Have you noticed blood in your cat's urine? If so, it is important for you to take your cat to the veterinarian as soon as possible for a thorough examination. There are many potential causes of bloody urine, with some of them being potentially fatal. Therefore, receiving prompt treatment is essential to your feline friend's long term health.
What Causes Blood in a Cat's Urine?
There are many different illnesses and problems that can lead to blood in a cat's stool. Some of these include:
o Bacterial infections in the genital tract or the urinary tract
o Cancer in the genital tract or the urinary tract
o Clotting disorders
o Exposure to poison, such as rat poison
o Stones in the urinary tract
o Parasites in the urinary tract
o Problems with medication
o Urinary tract abnormalities that have been present since birth
What are the Effects of Bloody Urine?
While bloody urine can be a sign of illness, the bleeding can actually lead to additional problems for your cat if it is not properly treated. For example, your cat may develop anemia because of the blood loss. This could then cause your cat to become weak and to collapse. Your cat may also have difficulty with urinating, may strain to urinate or may only be able to pass small amounts of urine at a time.
How Will the Vet Diagnose the Problem?
If you notice blood in your cat's urine or if it seems to be exhibiting any of the problems associated with bloody urine, your vet will need to perform a series of tests in order to determine what is causing the problem. Tests that are typically performed include:
o Abdominal x-rays
o Clotting profile, which will include a count of platelets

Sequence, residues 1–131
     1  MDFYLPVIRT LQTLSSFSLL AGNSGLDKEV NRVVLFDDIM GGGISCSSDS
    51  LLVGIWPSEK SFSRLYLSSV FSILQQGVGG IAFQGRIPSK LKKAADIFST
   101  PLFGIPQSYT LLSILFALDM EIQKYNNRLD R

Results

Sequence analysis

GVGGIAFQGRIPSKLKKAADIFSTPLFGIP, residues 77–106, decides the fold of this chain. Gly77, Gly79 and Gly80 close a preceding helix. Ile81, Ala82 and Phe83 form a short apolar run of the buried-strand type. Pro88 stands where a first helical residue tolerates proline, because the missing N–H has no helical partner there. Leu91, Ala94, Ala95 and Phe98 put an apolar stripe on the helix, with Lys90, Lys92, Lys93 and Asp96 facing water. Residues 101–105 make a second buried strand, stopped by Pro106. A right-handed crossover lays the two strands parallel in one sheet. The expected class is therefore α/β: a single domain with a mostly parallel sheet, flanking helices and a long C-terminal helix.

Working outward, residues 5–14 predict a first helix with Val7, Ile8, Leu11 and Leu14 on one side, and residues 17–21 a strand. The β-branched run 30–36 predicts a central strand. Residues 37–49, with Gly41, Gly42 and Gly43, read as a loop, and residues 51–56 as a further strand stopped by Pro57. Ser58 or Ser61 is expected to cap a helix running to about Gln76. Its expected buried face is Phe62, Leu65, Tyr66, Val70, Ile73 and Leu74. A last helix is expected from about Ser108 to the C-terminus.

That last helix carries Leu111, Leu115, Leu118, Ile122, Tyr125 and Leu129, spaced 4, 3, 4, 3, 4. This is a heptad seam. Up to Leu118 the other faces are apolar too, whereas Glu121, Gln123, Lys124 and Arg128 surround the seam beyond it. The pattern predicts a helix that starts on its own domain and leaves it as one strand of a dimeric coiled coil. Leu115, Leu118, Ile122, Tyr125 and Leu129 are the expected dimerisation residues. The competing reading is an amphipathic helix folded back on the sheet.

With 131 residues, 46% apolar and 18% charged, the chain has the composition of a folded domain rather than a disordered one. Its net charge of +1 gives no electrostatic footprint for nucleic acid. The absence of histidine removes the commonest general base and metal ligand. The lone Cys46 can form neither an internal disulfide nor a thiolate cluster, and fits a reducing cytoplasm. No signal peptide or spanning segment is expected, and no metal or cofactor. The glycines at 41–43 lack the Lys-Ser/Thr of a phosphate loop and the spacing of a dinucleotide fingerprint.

o Complete blood count
o Vaginal smear examinations
o Serum biochemistry test
o Ultrasound of the abdomen
o Urine culture
o X-ray studies using contrast die
After completing these tests, your veterinarian will likely be able to determine what is wrong with your cat and will be able to properly treat the problem.
How is Bloody Urine Treated?
Since bloody urine can be brought on by a number of different causes, the treatment method will depend upon what caused the problem to occur. If the blood was caused by a bacterial infection, for example, your veterinarian will prescribe an antibiotic and will then monitor your cat's health. If the blood was caused by stones, on the other hand, your veterinarian may recommend dietary changes. You may also need to administer certain vitamins or put your cat on a fluid treatment program in order to make sure it is properly hydrated and receives the nutrition it needs to fend off its illness.
Regardless of the treatment plan prescribed by your veterinarian, it is important for you to be certain to administer all of the medication as prescribed and to follow the veterinarian's treatment plan. This way, your cat can heal as quickly as possible and will be back on the road to good health!
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